Off the Books Option

Another option entirely is a mix I’ve been working on at TN, I think it’s about as close to perfection as I’ve ever come.

– Whey Protein Isolate Microfiltrated [Milk] (25%) ~ 8g
– PeptoPro – Hydrolyzed Caseinate [Milk] (60%) ~ 15g
– Leucine Peptides [Milk] (15%) ~3g

This mix should tap all the bases, 1 serving during your workout, 1 serving after your workout and you’re good to go. The Hi potency di- and tri- peptides in the PeptoPro are gram for gram the most effective protein you can buy with 15g doing the work of 40-50g of other whey proteins, with the leucine peptides contributing to the BCAA effect or as some literature calls it an “anabolic trigger” – and the whole whey isolate contributing just plain old whole form protein to the mix to round it all out and give it a good texture and flavor. Pound for pound I’m excited to give this one a try. Another option is to get a flavored BCAA option above, and then use this mix as your post-workout with no need to add unflavored BCAA to it.

Hopefully this was a nice primer to the world of BCAA, and a look into my weird ass mind. Good luck!

23 Comments

  1. What would be a good hybrid if any of a muscle/recovery protein and BCAA blend?

    • The two best options for synergy are either the mix I posted at the bottom of this post, or the “More Muscle” blend, with raw BCAA added, that I detailed in the Progenex Review post.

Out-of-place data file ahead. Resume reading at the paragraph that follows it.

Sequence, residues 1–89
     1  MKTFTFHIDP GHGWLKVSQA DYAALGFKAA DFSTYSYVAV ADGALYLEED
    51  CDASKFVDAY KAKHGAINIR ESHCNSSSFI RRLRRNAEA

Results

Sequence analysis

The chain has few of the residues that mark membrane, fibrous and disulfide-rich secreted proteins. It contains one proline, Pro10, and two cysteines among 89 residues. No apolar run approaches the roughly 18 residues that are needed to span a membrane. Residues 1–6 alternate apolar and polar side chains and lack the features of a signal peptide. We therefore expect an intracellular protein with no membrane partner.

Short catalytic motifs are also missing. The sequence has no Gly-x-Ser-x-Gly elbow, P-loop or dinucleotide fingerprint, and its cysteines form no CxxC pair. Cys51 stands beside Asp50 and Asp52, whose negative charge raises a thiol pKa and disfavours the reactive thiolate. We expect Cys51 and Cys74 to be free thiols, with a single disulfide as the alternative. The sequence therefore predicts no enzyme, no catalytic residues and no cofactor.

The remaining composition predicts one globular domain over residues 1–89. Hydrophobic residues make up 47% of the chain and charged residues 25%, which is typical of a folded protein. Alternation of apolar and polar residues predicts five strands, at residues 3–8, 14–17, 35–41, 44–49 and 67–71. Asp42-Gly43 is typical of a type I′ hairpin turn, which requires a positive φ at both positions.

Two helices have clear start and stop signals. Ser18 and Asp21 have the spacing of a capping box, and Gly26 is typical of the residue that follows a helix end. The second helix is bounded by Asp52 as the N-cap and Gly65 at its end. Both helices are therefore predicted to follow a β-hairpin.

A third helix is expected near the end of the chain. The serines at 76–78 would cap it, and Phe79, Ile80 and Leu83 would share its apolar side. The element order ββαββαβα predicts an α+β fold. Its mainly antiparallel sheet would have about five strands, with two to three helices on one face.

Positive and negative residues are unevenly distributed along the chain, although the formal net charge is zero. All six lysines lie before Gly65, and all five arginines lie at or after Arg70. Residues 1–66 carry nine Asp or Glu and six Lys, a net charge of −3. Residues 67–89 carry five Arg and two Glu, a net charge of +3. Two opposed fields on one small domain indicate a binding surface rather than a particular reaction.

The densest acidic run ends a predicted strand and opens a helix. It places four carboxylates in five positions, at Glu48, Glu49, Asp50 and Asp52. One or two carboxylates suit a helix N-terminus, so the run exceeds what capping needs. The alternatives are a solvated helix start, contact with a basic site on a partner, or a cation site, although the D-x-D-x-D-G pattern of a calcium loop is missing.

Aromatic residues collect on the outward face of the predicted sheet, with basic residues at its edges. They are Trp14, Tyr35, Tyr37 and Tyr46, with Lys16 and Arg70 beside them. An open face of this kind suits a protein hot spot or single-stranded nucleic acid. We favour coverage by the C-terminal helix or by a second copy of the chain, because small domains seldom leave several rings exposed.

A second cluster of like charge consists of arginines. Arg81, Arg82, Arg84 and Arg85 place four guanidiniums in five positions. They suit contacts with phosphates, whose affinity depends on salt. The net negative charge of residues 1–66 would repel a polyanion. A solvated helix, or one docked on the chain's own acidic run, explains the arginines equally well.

• Hi Dan I’ve been doing crossfit for just over 8 months now i train 6 days a week and thinking about implementing some kind of supplement to my training. Is there any you would suggest I try ie; the blend you mentioned at the bottom of this post or something else? I’m 20 years old weigh around 72kg’s and stand about 177cm’s tall not sure if that makes a difference or not but any info would be greatly appreciated, Thanks!.

        • Hey Adam,

          Thanks for commenting. If you’re just getting going, I can recommend a few easy ones; the first is a quality protein, either the Progenex replacements if you’ve read those posts, or the new one I list here, but I think you’d be fine with those Progenex replacements. Second, is a simple creatine product, any micronized/instantized creapure. Third, if you’ve already covered those two bases I’d say spend your money on high quality food; meat and carbs. At 5’9″ 158, you’re on the light side even for Crossfit, so that extra mass will get you much further from a muscular capacity and endurance side. If you’re insistent on a third supplement, look into HMB, either Blonyx or any other brand. Both HMB and Creapure are trademarked, so they’re all the same. Good luck!

          • Thanks for reply greatly appreciated!

            What would be the best times to take each of them and what amounts do you think would be most beneficial for me? thanks again.

          • Adam,

            Amount is going to be relative, certainly no more than 40-50g of protein, with 30-80g of carbs, anything more would be overkill. Creatine should be no more than 5-10g in that same shake. HMB is 3-4g per day, usually spread in two equal doses in the AM and PM, so 2g in the morning, and 2g at night. Again – nothing will fill the holes created by eating poorly, so that should be priority number one. Supplements should be supplemental.

          • Thanks Dan,